Why Calendar-Based Market-Timing Won’t Work

calendar We’re currently about half-way through January 2014 and the Straits Times Index (SGX: ^STI) is now at 3,141 points, some 0.8% lower than its 31 Dec 2013 close at 3,167 points. If we extrapolate the index’s current movement to the end of January, the stock market’s performance for the rest of the year does not seem particularly exciting for believers of the “January Barometer”.

The barometer is a curious investing myth in the USA which states that the performance of stocks in January would portend the general movement of shares for the rest of the year. There are even seasoned professional investors, such as Sam Stovall, chief equity strategist from S&P Capital IQ, who believe in the barometer.

But, does it work in Singapore? I dove into historical data for the STI starting from January 1993 and it turns out, investors in Singapore can do better with a coin flip than using the January barometer in predicting subsequent market returns.

There have been 11 Januarys since 1993 where there was a positive monthly return. But out of those 11 Januarys, there were three where the subsequent returns (from the end of January till the end of December) were negative.

In the 10 Januarys that gave negative monthly returns, there were actually five where the rest of the year ended up having positive returns.


Monthly Return for January Subsequent Return from end of January to end of December


6.3% 49.7%


-3.6% -4.3%


-7.0% 8.8%


8.1% -9.5%


-0.01% -31.0%
1998 -17.6%


1999 2.5%


2000 -10.1%






10.1% -25.0%


-3.7% 36.6%


4.8% 11.8%




2006 2.8%


2007 4.7%


2008 -14.4%


2009 -0.9%


2010 -5.3%


2011 -0.3%


2012 9.0%


2013 3.7%


Source: S&P Capital IQ

As it is with the “Sell in May and Go Away” calendar-effect, the January barometer doesn’t seem to give an investor any good odds of success.

My colleague David Kuo once wrote: “I won’t be selling because some antediluvian saying tells me to do so [referring to “Sell in May and Go Away”]. As investors we should be reviewing our investments regularly. That means getting rid of investments that are not performing and investing the money into those that are, regardless of the time of the year.”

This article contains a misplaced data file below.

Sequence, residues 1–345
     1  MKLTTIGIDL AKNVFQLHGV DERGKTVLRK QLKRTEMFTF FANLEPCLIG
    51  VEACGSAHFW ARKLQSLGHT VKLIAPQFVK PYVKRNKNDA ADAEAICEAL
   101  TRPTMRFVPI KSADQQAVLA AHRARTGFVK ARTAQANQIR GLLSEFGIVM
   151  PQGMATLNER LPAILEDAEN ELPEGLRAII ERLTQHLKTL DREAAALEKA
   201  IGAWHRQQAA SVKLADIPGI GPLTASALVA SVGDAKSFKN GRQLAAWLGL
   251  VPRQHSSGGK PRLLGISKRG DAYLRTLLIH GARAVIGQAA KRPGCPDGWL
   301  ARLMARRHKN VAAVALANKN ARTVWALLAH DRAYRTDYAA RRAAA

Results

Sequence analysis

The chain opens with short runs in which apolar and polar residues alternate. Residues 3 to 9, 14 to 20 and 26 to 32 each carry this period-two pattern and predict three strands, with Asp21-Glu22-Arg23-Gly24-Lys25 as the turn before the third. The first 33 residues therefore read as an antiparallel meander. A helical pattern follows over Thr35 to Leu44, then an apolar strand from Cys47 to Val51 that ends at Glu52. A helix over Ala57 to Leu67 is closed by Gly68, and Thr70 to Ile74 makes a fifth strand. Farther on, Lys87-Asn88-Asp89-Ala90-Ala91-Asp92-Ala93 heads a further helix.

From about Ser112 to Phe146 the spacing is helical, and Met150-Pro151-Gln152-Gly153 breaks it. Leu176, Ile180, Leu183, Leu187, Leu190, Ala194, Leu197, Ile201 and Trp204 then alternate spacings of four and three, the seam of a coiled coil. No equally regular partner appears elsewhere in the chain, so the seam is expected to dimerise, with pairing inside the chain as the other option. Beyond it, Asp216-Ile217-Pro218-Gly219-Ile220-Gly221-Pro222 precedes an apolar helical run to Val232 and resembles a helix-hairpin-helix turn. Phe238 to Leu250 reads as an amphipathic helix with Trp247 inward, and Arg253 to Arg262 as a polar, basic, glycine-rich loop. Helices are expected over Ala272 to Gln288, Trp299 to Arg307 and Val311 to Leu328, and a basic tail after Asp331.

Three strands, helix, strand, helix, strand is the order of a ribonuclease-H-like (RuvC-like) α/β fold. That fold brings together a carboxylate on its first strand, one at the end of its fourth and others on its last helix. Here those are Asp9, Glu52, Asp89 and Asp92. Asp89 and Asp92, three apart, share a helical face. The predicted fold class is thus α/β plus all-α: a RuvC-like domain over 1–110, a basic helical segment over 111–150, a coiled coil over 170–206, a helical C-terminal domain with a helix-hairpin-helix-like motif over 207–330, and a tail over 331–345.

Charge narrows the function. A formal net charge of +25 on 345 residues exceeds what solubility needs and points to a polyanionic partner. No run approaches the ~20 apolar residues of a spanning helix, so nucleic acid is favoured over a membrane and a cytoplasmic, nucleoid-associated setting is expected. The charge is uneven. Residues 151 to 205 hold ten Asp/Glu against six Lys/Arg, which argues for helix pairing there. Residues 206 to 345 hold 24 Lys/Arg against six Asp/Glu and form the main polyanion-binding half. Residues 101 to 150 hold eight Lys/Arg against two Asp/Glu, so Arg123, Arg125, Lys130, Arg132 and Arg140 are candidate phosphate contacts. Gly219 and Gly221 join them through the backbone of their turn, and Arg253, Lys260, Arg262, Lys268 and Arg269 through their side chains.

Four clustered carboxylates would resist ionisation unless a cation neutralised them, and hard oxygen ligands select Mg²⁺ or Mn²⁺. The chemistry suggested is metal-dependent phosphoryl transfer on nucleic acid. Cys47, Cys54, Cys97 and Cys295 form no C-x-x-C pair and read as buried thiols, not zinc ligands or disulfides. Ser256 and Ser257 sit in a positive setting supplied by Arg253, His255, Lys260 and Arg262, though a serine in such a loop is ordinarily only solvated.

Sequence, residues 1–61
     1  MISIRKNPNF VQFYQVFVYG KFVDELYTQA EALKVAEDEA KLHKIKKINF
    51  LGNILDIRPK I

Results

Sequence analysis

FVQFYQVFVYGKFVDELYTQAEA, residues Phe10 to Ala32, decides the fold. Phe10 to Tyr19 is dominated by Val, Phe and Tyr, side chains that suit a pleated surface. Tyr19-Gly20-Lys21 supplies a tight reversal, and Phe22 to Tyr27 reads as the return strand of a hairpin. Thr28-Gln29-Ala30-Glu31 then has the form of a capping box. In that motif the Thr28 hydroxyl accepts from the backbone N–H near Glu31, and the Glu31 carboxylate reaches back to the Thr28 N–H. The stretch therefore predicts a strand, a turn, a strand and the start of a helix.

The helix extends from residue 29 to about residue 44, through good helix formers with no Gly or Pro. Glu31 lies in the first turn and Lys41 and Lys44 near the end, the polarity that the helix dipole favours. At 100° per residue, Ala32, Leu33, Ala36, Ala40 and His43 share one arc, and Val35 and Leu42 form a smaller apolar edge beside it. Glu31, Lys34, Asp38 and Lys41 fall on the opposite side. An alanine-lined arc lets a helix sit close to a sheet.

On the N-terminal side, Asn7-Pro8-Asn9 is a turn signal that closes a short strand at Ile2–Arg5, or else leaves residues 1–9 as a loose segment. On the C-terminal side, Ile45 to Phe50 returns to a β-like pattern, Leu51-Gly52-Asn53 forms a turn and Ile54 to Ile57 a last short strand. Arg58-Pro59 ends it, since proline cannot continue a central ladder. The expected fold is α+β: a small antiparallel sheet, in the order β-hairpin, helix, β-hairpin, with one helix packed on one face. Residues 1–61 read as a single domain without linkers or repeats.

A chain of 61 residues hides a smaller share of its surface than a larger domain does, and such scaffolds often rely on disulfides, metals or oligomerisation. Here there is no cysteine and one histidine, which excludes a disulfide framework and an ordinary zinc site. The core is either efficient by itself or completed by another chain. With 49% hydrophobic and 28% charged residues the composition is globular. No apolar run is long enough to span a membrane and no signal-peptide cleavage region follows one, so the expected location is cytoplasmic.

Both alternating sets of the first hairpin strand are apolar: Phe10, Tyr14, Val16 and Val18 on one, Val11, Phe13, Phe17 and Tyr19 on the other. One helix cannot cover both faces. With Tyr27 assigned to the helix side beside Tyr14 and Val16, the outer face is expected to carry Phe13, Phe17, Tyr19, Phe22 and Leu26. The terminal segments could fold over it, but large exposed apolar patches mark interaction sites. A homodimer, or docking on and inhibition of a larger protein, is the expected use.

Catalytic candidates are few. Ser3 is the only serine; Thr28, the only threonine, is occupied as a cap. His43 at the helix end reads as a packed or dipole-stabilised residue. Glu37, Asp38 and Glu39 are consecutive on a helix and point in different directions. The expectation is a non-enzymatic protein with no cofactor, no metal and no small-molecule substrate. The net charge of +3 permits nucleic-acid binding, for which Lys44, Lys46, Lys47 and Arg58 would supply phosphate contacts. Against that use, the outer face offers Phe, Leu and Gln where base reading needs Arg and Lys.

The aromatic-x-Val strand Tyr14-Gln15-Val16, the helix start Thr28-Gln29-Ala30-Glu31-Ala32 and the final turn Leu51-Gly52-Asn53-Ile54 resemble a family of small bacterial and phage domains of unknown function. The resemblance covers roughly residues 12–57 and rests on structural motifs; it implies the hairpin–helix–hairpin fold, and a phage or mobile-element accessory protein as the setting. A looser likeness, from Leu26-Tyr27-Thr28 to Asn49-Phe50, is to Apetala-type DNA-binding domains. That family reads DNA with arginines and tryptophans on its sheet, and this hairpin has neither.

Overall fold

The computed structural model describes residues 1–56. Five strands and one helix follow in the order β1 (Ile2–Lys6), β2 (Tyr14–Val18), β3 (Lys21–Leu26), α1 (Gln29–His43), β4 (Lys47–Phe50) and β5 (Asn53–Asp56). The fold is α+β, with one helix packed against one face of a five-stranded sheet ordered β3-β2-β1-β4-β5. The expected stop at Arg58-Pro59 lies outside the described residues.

All told, basing our investment decisions on arbitrary times of the month, year, lunar-cycle, or what-have-you, is a distraction from what’s truly important – the long-term corporate performance of a company.

Shares like Jardine Strategic Holdings (SGX: J37), Jardine Matheson Holdings (SGX: J36) and Singapore Exchange (SGX: S68) have given shareholders total returns in excess of a 1,000% since the start of 2003.

Company Price on 2 Jan 2003* Price on 10 Jan 2013 % Change 2003: EPS** Last 12 months: EPS % Change 
JSH US$2.15 US$33.10 1,439% -US$0.021 US$3.012 14,630%
JMH US$4.47 US$53.61 1,098% US$0.23 US$4.62 1,895%
Singapore Exchange S$0.56 S$7.07 1,135% S$0.016 S$0.331 1,969%
*Prices on 2 Jan 2003 are adjusted for dividends, stock-splits, rights offerings, and spin-offs.**EPS = Earnings Per Share

Source: S&P Capital IQ

But, those gains weren’t achieved on the back of some calendar-based market-timing method. Those gains were achieved through patience and blockbuster-like earnings growth through the years. The next time you come across any seemingly-arbitrary market-timing ‘”advice”, bear in mind these words from American super investor Warren Buffett:

If a business does well, its stock eventually follows.”

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The information provided is for general information purposes only and is not intended to be personalised investment or financial advice. Motley Fool Singapore writer Chong Ser Jing doesn’t own shares in any companies mentioned.